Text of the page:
3. Use larger traces for power
  4. Use a copper fill if necessary to help with heat dissipation
  5. Get your crystal / oscillator as close to the micro-controller as possible.  I found a great resource at http://hoani.net/engineering/crystal-oscillator-design/  for crystal oscillator design including PCB layout
  6. Be careful USB – it requires differential pairs that need to be carefully handled.
  7. If you can fit component values on your silkscreen – do it. It makes assembly a lot easier than having to constantly refer to a schematic to check values

Item #4 above relates to the LM317 regulator I am using to convert down from the 12v input to a 3.3v supply for the STM32. I am using the SOIC-8 package version of this device, and it gets hot. It has 4 output pins and I have only connected one of them. One thing I will definitely do next time is connect all four pins together with as large a copper fill as possible between the pins underneath the chip. This should go someway to helping with the heat dissipation.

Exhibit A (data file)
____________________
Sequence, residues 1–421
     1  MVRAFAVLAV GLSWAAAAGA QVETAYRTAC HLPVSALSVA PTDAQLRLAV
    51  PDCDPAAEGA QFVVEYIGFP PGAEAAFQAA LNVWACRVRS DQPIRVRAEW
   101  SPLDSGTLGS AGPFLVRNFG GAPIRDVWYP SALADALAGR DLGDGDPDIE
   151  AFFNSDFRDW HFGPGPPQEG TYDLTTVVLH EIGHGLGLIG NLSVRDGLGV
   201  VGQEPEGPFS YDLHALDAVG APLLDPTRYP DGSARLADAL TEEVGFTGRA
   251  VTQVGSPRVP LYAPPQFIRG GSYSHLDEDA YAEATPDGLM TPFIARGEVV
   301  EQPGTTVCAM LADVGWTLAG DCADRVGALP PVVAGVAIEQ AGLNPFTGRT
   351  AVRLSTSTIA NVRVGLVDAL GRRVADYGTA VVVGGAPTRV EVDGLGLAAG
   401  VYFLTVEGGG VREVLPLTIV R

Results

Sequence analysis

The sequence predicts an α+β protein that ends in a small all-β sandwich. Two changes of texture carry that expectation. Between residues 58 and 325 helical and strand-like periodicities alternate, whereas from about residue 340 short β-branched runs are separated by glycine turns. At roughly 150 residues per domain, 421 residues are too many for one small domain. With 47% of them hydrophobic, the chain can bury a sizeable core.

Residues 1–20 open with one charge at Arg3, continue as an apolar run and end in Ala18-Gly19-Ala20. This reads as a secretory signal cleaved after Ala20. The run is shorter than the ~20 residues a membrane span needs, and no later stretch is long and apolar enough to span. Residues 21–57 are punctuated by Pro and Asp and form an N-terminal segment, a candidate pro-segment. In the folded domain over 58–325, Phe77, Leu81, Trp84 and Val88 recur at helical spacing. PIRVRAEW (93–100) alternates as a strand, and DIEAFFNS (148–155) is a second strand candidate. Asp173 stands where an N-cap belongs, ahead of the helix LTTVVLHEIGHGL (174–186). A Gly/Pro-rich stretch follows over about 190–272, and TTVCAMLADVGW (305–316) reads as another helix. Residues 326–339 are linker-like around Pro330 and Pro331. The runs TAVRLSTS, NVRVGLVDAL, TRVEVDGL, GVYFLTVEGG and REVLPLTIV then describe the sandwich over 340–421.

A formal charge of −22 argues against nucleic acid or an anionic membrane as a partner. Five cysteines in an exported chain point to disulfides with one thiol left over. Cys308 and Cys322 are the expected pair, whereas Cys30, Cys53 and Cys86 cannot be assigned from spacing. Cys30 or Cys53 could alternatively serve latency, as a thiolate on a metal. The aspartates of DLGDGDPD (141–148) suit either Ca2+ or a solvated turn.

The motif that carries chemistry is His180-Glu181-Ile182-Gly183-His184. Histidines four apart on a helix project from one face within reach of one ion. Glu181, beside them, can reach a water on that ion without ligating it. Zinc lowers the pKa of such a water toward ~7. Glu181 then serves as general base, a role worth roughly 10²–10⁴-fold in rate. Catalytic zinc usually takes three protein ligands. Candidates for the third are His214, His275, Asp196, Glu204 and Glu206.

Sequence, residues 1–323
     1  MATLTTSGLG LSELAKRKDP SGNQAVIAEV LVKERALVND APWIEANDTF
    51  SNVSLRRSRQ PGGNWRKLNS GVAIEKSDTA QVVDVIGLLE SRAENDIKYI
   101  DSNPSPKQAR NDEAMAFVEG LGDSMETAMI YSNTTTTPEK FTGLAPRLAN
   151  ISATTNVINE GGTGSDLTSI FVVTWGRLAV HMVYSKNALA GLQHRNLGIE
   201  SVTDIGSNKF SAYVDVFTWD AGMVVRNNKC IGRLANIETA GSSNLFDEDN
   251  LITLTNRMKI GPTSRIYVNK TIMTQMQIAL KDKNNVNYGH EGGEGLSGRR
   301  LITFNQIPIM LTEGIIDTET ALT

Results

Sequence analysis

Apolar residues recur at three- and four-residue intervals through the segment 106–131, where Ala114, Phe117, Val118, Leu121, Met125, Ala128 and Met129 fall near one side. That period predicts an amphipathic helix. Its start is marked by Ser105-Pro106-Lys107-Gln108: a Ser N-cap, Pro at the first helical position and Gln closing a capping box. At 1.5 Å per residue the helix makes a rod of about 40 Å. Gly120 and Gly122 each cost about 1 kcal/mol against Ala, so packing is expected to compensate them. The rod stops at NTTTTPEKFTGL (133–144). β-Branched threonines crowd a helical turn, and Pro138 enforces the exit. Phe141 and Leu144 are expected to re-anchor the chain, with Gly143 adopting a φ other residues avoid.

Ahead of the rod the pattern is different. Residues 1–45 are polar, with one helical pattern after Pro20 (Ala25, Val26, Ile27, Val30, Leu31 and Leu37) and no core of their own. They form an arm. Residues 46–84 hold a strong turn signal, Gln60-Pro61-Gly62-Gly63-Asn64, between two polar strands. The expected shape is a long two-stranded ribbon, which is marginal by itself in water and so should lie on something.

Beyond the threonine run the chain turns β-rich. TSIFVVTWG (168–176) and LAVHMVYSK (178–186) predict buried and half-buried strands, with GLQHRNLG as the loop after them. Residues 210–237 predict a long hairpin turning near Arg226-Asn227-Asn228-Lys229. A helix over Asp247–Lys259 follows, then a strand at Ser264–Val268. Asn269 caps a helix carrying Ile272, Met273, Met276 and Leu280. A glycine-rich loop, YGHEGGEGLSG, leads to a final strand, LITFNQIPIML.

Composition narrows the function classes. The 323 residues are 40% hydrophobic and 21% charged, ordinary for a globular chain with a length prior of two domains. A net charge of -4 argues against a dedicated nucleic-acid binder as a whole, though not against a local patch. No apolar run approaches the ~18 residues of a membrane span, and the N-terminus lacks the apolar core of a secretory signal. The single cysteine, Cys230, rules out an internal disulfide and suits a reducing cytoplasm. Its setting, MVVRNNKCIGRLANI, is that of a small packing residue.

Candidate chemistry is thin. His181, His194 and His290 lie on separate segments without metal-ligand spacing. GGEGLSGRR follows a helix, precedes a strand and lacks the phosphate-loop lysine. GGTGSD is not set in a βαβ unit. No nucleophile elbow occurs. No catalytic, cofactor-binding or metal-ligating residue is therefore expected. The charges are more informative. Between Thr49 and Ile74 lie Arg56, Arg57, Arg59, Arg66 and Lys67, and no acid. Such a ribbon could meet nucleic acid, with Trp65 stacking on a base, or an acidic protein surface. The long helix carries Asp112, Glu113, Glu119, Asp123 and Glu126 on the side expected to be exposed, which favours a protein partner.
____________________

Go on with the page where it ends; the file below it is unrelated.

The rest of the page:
I learned one particularly hard lesson about Kicad and making sure you re-draw the copper fills before generating your gerber files.  You can read my debugging journey on this reddit thread. Once I had figured out what had gone wrong I tweeted about it  and got some great advice back. Apparently this has been fixed in Kicad 5 where you can select an option to check zone fills before plotting – clearly I wasn’t the first person to be bitten by this issue!

Unfortunately though it resulted in a couple dead shorts on the board where VDD was connected directly to GND e.g.:

This is what I saw in pcbnew.

This is what the generated gerber file looks like.

Some judicious cuts with a craft knife and the boards are salvageable which is fortunate. Ultimately they were just intended to prove the digital control portion of the design using the STM32F070CBT6 which I should still be able to achieve with the rev 0.1 design.

After spending more time than I care to admit on figuring out the previous problem, I then had to diagnose why my STM32 kept hanging every time it got to the SystickHandler. Long story short I had jumpered BOOT0 to VDD instead of GND – won’t be making that mistake again either!

So, after all that I finally had a booting board and here is a blinky video to prove it: